To the average Brit, the very name invokes images of vast grasslands, plains with shrubberies, dust-capped faded green mountain ridges, and dense rainforest, all populated by hordes of wild and exotic animals, patrolling, migrating, resting at pools of water, and feeding on each other. Humans, aside from the occasional local tribe, are the interloper, the out-of-place creatures lost amongst the majesty of fauna who live, breed, dominate here.
A deer on alert at Mole National Park, Ghana.
Except that it’s not like that. At all. And hasn’t been for a very long time.
The very fact that Mole National Park even exists is evidence that, insignificant pockets of wilderness aside, Africa very much belongs to humans. You only have to look at what we have done to areas of Africa we define as being in the Democratic Republic of Congo for example to know which species is in charge here.
Mole itself is a relatively small (research suggests it’s a similar size to Lake Manitoba in Canada, or slightly bigger than the combined area of Nottinghamshire & Derbyshire in the UK) fenced-off segment of forest in an otherwise under-populated and under-resourced backwater of a reasonably small country (Ghana is very slightly smaller than the UK), yet one of the only places in the region where animals such as springbok, crocodile, and elephant are allowed to roam free without the official threat of human predators. Another, the Parc National de W / Pendjari National Park, covers a small area on the borders of the nearby countries of Benin, Niger, and Burkina Faso.
Birds on the road in Mole National Park, Ghana.
And yet, even this protection is theoretical – Ghana does not have the resources even in the National Park to definitively prevent poachers from wandering through and killing the wildlife; that the park is fenced off and no humans are allowed to live within its boundaries merely makes poaching slightly more difficult, rather than impossible (it was only an hour’s walk along a particularly gravelsome road from the park to the local village on the main road – no problem for local 4WDs and small trucks – and only a small guard post prevents open access). And of course the rewards for poachers are high – from feeding themselves and their family/friends, all the way up to huge profits from international ivory smuggling. The idea behind Mole National Park is wholesome but one can’t help but feel it’s like sticking a children’s plaster over a crack in a dam.
One of the buildings servicing the National Park.
Although in principle it’s geared up for tourism, apart from one tour party and a random assortment of German backpackers (the majority of whom were living/working in Ghana anyway) the place was pretty empty. The men’s dorm I was staying in was only occupied by one other visitor – in practice though it seemed to be used as the place where the local bus drivers had a quick nap before their early-morning drive back to civilisation (the reason I walked to the village when I left was because the last bus left while the time could still be counted on one hand. While convenient for heading back to the nearest significant city, Tamale, I’d just come from there – I was making my way west and the bus in that direction left much later in the morning. Bed + Walk > Bus + long wait), and the 2-hour truck safari around the park I took had just about had enough people – eight – to be viable. There’s several of these ‘bedroom blocks’ and they all look pretty much the same – though most people who come here get private rooms. I was just being cheap.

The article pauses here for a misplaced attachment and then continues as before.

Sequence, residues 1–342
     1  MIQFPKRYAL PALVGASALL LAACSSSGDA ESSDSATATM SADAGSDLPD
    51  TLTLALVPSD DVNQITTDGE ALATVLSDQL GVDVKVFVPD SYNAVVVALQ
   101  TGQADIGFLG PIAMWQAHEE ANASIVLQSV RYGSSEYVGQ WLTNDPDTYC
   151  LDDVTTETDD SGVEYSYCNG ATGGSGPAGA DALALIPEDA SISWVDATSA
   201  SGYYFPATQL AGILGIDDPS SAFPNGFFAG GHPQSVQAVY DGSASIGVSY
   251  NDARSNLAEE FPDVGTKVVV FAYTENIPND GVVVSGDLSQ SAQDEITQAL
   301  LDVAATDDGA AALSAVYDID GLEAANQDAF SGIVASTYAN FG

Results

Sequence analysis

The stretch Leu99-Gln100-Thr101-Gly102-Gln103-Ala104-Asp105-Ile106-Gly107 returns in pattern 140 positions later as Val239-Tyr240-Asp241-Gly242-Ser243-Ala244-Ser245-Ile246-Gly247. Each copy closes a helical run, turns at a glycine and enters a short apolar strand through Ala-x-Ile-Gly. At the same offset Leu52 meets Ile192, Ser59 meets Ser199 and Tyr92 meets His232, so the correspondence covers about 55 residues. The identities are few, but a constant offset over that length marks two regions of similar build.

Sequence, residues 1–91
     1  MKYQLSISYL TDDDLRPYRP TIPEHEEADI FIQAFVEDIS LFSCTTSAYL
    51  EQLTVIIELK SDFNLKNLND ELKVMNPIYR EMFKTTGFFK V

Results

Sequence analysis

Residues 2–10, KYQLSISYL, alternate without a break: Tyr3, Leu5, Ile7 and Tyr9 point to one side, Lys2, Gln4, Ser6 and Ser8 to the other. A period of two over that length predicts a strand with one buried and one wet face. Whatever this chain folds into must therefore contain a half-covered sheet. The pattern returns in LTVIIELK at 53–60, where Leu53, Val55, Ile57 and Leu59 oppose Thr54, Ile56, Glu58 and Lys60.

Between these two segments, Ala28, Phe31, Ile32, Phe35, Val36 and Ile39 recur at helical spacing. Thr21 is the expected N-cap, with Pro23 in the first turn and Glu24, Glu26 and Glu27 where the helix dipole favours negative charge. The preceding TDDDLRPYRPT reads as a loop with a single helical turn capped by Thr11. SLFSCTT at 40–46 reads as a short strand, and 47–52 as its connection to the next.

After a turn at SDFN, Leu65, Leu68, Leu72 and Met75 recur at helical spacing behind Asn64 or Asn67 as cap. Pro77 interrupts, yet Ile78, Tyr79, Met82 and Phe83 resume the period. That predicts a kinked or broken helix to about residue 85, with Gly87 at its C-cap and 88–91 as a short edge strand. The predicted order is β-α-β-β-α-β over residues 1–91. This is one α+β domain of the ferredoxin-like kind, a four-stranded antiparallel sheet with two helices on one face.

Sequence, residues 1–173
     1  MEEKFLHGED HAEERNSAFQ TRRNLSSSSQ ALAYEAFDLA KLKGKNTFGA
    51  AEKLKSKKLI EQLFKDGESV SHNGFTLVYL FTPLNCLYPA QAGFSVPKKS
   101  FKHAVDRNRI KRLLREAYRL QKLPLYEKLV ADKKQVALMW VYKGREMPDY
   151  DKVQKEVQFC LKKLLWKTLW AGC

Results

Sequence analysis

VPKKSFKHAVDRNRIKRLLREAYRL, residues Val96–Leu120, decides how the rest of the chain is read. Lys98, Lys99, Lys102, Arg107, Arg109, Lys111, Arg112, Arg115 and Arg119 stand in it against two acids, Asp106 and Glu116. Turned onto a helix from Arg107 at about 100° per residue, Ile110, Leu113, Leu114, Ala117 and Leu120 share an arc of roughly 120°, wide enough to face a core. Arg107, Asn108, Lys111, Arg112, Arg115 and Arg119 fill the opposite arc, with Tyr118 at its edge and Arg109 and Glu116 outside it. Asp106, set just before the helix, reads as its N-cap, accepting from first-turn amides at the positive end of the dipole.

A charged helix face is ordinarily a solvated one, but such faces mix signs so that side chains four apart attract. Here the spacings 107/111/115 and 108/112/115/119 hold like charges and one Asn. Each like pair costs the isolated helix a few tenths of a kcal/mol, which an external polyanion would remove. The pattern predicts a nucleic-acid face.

One of the buildings servicing the National Park.
The centrepoint of the site is the lodge; it consists of a bar, restaurant, long outdoor patio seating area, a small swimming pool, and a handful of tables overlooking the park. It seems to be built on top of a cliff, so the vista is quite sweeping, if a little monochrome (faded green, in this case). The menu for the restaurant isn’t that long, and, apart from a couple of nods to Ghanaian cuisine, it mostly catered to tourist tastes (and wallets – around 20 Cedis a meal). That said, it was reasonably good quality – the only downside being slightly slow service, but with a view like that, it wasn’t a major issue.
View of Mole National Park from the lodge.